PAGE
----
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Science Corner: Phosphate Mining’s Mark On Florida

Aerial view of Mosaic-New Wales' south stack and north stack, both more than 360 feet high.
Aerial view of Mosaic-New Wales' south stack (left) and north stack (right), both 360+ feet high. Image captured via Google Earth, 7/31/2023.

by Cheyenne Canon, Program Project Coordinator

Phosphate refers to several naturally occurring minerals that contain phosphorus. It is mined to extract phosphorus, one of the chemical elements that is a building block of life and is one of three primary ingredients in all fertilizers. Most phosphate mining in the U.S. occurs in Florida, especially in Central Florida, with one additional mine located in North Florida. These mines, both active and inactive, cover 450,000 acres, according to the Florida Department of Environmental Protection.

Putting aside the direct damage of mining activities to the environment, processing phosphate to produce fertilizer also creates a dangerous byproduct: phosphogypsum. Phosphogypsum (pronounced Fos-Fo-Jip-Suhm) is created when an acidic solution is used to dissolve phosphate rocks into a usable form of phosphorus called phosphoric acid. The waste product is calcium sulfate (or gypsum) which contains radioactive uranium and thorium that decay to become radium, which decays more to become radon, a radioactive gas. This process also creates a significant amount of waste—for every ton of phosphoric acid yielded, five tons of phosphogypsum waste is also created.

Because it is radioactive, this waste must be disposed of in a particular way to reduce its impact on people and the environment. To start, a liner is placed on the ground in the area where the waste will be stored to help prevent any leaching into the soil and groundwater. Then phosphogypsum is “stacked” in large, stepped piles, with the top of the stack slightly recessed, lined with plastic, and filled with untreated process water left over from other steps in the manufacturing process. The side of the stack will dry out and form a “crust” that helps to block the emission of radon gas.

An industrial dragline digs up and disposes of the first 15 to 30 feet of soil, then it digs out the phosphate-containing material to be processed.
A dragline digs up and disposes of the first 15-30 feet of soil, then it digs out the phosphate-containing material to be processed. Photo from People Protecting Peace River, Inc.

Florida currently has two dozen of these stacks and they each pose a significant threat to human health and the environment. You may recall news articles from back in 2021 regarding a leak at the Piney Point phosphogypsum stack. A significant amount of rainfall caused this stack to near 100% capacity and created a tear in the liner, leading to a leak. To prevent local contamination, 215 million gallons of the process water were diverted and released into Tampa Bay. This successfully relieved pressure at Piney Point but has since been linked to red tide outbreaks in and around Tampa Bay. The nutrient rich water is a veritable feast for the algae that form red tides. While this particular stack was unique in how under-managed it was, the same risk is present at all stacks. Their mere presence in a state which is prone to extreme flooding and sinkholes, and which has shallow freshwater aquifers where most Floridians get their drinking water, is a dangerous combination.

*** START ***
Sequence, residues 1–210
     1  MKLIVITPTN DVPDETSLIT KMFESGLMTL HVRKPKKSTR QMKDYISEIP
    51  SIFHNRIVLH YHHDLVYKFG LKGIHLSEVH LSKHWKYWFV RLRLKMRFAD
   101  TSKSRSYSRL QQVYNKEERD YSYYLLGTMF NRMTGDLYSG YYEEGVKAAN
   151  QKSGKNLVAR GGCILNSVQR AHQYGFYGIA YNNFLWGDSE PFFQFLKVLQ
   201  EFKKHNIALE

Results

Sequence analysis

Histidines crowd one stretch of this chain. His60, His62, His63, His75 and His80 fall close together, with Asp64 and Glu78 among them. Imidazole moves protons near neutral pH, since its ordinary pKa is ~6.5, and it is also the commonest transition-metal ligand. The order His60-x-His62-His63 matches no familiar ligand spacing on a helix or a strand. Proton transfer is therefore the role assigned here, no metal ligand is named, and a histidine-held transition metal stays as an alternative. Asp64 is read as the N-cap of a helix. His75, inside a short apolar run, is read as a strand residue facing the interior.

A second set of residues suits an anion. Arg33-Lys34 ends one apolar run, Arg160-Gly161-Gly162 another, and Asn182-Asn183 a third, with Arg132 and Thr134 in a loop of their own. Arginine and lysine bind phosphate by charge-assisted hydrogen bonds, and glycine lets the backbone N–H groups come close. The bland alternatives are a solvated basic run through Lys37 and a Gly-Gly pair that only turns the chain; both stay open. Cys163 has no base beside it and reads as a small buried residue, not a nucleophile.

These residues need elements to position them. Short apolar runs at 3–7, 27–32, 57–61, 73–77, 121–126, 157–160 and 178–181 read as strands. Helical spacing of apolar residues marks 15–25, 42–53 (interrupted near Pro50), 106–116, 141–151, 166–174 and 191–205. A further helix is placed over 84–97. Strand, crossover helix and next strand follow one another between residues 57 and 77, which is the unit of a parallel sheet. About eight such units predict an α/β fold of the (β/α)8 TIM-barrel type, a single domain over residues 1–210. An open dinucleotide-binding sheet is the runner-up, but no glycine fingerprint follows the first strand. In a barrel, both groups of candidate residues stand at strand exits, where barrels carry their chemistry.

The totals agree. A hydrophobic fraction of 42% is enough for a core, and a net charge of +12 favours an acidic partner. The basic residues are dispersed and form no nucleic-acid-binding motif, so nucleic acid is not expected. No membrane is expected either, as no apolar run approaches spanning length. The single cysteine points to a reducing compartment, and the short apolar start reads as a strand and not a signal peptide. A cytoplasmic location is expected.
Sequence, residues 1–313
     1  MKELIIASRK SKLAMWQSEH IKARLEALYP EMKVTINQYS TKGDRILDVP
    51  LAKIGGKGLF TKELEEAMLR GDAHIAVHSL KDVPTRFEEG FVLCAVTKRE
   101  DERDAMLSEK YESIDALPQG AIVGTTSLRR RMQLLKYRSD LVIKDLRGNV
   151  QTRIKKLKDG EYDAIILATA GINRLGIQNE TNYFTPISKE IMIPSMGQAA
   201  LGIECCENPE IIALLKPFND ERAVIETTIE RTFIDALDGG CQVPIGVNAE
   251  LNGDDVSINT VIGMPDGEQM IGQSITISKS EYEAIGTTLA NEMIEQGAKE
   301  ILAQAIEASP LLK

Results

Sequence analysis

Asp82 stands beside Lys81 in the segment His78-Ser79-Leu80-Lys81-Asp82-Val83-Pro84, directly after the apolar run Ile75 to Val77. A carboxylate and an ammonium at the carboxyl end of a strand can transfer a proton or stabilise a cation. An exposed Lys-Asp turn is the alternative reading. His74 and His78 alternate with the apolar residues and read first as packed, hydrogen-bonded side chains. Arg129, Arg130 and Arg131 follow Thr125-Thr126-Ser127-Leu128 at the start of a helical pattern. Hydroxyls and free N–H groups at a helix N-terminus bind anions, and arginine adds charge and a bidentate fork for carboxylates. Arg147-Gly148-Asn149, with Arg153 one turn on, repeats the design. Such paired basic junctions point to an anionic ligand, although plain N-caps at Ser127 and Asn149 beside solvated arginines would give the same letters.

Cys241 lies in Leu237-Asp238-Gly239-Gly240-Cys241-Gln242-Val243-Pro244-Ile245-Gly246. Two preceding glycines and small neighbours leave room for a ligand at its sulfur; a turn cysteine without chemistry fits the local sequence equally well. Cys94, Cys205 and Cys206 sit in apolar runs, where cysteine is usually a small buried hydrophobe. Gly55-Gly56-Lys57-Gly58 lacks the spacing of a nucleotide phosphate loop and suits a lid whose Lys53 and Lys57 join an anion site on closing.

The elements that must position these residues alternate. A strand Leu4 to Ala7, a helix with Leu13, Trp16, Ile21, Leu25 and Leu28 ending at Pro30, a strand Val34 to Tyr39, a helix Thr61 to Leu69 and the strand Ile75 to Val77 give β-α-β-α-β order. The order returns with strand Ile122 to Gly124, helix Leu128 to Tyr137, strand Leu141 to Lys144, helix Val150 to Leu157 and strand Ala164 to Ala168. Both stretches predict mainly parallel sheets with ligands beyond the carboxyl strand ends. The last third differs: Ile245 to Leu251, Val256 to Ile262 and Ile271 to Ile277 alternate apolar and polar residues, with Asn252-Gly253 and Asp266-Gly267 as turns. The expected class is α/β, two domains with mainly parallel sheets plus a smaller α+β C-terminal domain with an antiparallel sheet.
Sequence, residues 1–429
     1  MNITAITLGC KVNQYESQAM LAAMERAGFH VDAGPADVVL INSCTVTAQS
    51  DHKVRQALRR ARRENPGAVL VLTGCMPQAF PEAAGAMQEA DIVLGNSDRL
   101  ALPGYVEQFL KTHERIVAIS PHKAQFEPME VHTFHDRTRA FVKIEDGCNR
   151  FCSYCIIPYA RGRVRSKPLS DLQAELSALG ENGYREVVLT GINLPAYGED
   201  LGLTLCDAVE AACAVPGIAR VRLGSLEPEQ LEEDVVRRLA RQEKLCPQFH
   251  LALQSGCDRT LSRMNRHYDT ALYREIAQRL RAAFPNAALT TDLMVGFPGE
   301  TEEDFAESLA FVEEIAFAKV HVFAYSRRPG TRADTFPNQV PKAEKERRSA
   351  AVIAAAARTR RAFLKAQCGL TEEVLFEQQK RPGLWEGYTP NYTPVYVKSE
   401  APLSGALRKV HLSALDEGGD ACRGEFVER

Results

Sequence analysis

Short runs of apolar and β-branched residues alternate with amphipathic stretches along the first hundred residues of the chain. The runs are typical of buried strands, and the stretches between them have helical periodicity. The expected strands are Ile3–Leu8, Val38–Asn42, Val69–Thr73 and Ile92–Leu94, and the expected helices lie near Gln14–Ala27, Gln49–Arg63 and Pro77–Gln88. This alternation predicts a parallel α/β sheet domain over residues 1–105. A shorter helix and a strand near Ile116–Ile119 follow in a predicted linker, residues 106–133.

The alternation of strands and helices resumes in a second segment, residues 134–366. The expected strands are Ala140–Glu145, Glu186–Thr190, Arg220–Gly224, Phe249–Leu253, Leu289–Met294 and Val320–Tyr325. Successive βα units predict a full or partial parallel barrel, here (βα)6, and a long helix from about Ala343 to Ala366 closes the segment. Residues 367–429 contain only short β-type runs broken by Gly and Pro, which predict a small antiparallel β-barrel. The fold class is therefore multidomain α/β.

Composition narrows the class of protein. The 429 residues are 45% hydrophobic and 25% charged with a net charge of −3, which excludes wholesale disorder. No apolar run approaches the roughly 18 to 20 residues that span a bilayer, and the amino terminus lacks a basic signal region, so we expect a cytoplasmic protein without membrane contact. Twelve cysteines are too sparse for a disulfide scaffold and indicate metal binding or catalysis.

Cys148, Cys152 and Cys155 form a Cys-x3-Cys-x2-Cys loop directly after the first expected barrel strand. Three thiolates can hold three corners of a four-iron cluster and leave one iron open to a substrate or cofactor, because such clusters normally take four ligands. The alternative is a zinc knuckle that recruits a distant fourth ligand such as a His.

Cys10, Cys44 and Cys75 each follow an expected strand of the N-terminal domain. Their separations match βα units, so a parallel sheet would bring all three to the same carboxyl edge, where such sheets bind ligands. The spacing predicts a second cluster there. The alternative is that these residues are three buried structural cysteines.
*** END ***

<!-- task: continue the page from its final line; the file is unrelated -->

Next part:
The solution to handling all this toxic waste is still uncertain. At least one company has been developing a new processing technique for the last decade that would eliminate the creation of phosphogypsum waste. However, the process involves intense heat, which would require more energy input and doesn’t address the destruction caused by surface mining. In Piney Point, officials are working to permanently close down the facility by building a deep injection well, which is expected to dispose of the process water in a confined saltwater aquifer 3,300 feet underground. Another “solution” recently approved by the Florida Legislature in HB 1191 is to study the use of phosphogypsum as a road base material. But opponents say the bill is a corporate handout, allowing billion-dollar companies to eventually sell their toxic waste to transportation departments while taxpayers foot the bill for it and for the original study required by HB 1191.

Save the Manatee Club’s Fertilizer-Free for Manatees campaign focuses on the use and consequence of fertilizers in Florida, but it’s clear that the consequences of their use span their entire life cycle—from mining phosphate to feeding algae blooms. Reducing the excessive use of fertilizers is the only sustainable solution.

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